May 25 marks the one-year anniversary of the murder of George Floyd.

We're collecting local responses from the people it affected most. And we want to hear from you.

1. How will you recognize the anniversary date on May 25? How would you suggest or wish others do so?

2. What has changed with regard to race relations in the last year? Have things improved or gotten worse?

3. Did the guilty verdict in the Chauvin case mark a turning point? Are you confident that justice will be served?

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4. How do you regard the protests of last summer?

Send your responses (or any other thoughts) to rochesterincolor@postbulletin.com.


Melinda Rogers, Certified Nursing Assistant and Trained Medication Aide who just recently graduated with her Associate of Applied Science degree

How will you recognize the anniversary date on May 25?

Take time aside to pray for the nation's healing. Pray for grace and that Racism be annihilated.

What has changed with regard to race relations in the last year?

From my perspective here in Rochester, I have seen some improvement. I have seen more compassion and caring for people of color. My family and I have had several random acts of kindness from total strangers.

Melinda Rogers (contributed photo)
Melinda Rogers (contributed photo)

Did the guilty verdict in the Chauvin case mark a turning point?

Yes, according to the law, justice has prevailed. And it shows that no one is above the law. You have to be held accountable for your actions regardless of who you are. But George Floyd's children and family will never be able to talk to him, hug him and love on him again. As a Christian woman, I pray for Chauvin's eternal salvation.

How do you regard the protests of last summer?

The protests last summer in Rochester were very safe, peaceful, well organized, and people of all color came together as a caring community. As we all watched on television the horrific murder of George Floyd, communities all over the Nation/World were outraged and displayed their emotions.

We all had enough of our Black and Brown sons, husbands, nephews, cousins, grandsons, and friends being mistreated, abused, and killed because of the pigment of our skin. Martin Luther King Jr., quoted: "I look to a day when people will not be judged by the color of their skin but by the content of their character. We are all imperfect people living in an imperfect world. Regardless of our character flaws death shouldn't have to be the consequence."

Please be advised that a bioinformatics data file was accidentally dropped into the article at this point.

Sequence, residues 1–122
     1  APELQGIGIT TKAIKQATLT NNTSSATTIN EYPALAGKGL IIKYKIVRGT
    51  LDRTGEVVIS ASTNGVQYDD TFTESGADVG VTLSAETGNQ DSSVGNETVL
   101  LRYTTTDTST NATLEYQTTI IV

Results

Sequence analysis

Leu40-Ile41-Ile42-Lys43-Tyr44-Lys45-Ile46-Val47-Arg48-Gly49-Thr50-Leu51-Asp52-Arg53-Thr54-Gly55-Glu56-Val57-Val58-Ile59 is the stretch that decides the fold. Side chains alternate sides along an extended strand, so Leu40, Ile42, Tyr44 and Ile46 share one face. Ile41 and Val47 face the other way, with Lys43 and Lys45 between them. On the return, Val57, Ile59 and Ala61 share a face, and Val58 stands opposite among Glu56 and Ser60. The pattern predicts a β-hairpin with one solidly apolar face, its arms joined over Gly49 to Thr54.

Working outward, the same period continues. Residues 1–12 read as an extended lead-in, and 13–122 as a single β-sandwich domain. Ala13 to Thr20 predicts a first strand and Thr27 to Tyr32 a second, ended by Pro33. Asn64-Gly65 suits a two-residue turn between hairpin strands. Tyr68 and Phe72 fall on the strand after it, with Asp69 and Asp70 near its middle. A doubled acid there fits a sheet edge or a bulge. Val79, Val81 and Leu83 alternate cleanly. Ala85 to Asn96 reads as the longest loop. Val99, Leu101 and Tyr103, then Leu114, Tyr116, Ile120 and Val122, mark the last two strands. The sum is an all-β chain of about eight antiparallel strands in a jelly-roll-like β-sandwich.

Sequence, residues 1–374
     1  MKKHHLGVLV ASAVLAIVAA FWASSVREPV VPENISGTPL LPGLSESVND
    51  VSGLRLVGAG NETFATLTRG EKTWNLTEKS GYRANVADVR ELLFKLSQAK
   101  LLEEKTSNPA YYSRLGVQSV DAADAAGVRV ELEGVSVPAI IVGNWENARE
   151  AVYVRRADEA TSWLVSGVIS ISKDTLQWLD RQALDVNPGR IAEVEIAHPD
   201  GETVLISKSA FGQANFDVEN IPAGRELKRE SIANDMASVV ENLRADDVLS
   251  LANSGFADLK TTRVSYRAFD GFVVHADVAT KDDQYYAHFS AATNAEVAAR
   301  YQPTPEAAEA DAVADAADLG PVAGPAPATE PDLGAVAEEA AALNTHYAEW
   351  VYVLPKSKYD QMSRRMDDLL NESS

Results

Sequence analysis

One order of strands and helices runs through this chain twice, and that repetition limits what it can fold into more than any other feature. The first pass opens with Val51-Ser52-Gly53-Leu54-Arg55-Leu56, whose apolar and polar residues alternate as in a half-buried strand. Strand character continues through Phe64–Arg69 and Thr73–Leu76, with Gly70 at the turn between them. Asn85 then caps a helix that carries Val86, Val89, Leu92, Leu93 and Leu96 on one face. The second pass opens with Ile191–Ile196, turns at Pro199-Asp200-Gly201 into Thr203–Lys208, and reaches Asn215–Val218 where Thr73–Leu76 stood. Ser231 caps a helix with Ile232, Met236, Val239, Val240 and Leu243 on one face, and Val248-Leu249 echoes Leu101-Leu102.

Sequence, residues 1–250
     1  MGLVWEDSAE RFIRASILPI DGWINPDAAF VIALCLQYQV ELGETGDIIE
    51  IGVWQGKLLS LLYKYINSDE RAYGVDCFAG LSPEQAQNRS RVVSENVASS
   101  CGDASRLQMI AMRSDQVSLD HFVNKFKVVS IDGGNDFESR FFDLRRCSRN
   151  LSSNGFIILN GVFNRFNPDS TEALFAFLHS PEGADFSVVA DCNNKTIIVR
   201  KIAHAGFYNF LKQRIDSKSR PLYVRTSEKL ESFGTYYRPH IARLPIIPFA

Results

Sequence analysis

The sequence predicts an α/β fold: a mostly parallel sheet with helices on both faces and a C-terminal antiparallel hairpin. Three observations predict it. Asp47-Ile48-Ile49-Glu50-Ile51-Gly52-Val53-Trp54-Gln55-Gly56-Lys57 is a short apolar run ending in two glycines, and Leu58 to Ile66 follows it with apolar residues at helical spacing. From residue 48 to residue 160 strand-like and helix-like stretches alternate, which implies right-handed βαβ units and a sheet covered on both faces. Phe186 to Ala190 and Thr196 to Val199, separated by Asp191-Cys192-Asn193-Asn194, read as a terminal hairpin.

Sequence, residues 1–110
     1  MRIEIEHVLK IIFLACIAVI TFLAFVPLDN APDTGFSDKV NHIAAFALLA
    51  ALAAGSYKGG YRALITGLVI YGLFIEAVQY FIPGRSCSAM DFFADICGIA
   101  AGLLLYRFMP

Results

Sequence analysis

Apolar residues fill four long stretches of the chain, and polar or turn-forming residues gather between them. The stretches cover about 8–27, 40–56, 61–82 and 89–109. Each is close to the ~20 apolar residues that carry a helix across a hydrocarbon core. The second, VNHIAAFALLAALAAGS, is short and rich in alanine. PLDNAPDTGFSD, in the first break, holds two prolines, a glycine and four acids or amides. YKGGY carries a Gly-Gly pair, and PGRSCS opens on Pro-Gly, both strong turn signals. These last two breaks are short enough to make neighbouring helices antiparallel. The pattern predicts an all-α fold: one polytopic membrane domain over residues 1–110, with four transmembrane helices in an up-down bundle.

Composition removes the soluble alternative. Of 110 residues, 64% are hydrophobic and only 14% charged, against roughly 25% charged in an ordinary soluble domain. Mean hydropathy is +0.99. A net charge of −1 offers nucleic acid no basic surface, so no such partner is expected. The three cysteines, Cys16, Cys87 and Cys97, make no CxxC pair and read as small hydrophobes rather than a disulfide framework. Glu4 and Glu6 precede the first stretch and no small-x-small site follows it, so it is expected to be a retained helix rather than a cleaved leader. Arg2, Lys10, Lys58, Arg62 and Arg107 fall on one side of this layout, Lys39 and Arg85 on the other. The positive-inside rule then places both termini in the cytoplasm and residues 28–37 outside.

Shaketa Clark, of Rochester

Shaketa Clark (Contributed photo)
Shaketa Clark (Contributed photo)

What has changed with regard to race relations in the last year?

Millions of protests across the nation called for police reform. We now have a liaison in our community to help with communication between our culture and police. Things have gotten a bit worse but it always gets worse before it gets better within our history of the struggle for justice.

How do you regard the protests of last summer?

By cycles of protests over systematic injustice and racism, it is very important the I myself, being of an African American culture, must keep George Floyd's memory alive so that the generations after can be more aware and educate themselves and generations to come of such injustice so they're not bound by racism but free from any and all prisons in-depth just because of the color of their skin! As the late Dr.Martin Luther King preached on that great day. "Free At Last, Free At Last, Thank God Almighty We're Free At Last!"


Katherine Sublett, Community Leader

How will you recognize the anniversary date on May 25?

I will recognize the anniversary by rewinding the words, "I want my Mama." That will resonate with me and in my heart forever. I hope that others will reflect on their personal character and integrity. I would hope that others are doing a heart and soul tune-up.

Katherine Sublett (submitted photo)
Katherine Sublett (submitted photo)

What has changed with regard to race relations in the last year? Have things improved or gotten worse?

I don't believe anything has changed with race relations. It has heightened awareness to the power of the "camera" capturing what's been happening for decades. Brutality and violence amongst humans seem to be the new "normal." I'm not sure how to answer the second question. How can it get worse? When it's acceptable to kill a man in broad daylight on camera, then appeal the punishment.

Did the guilty verdict in the Chauvin case mark a turning point?

The guilty verdict didn't turn anything around. It sent a whisper that "the world witnessed" your previous "allowed" behavior. I'm confident the "minimal" amount of justice will be served. I'll be shocked if the sentence exceeds 10 years.

How do you regard the protests of last summer?

I don't support hurting people. Riots tend to be the only language the "privilege" understands. When you cost the privileged money, they are more inclined to listen.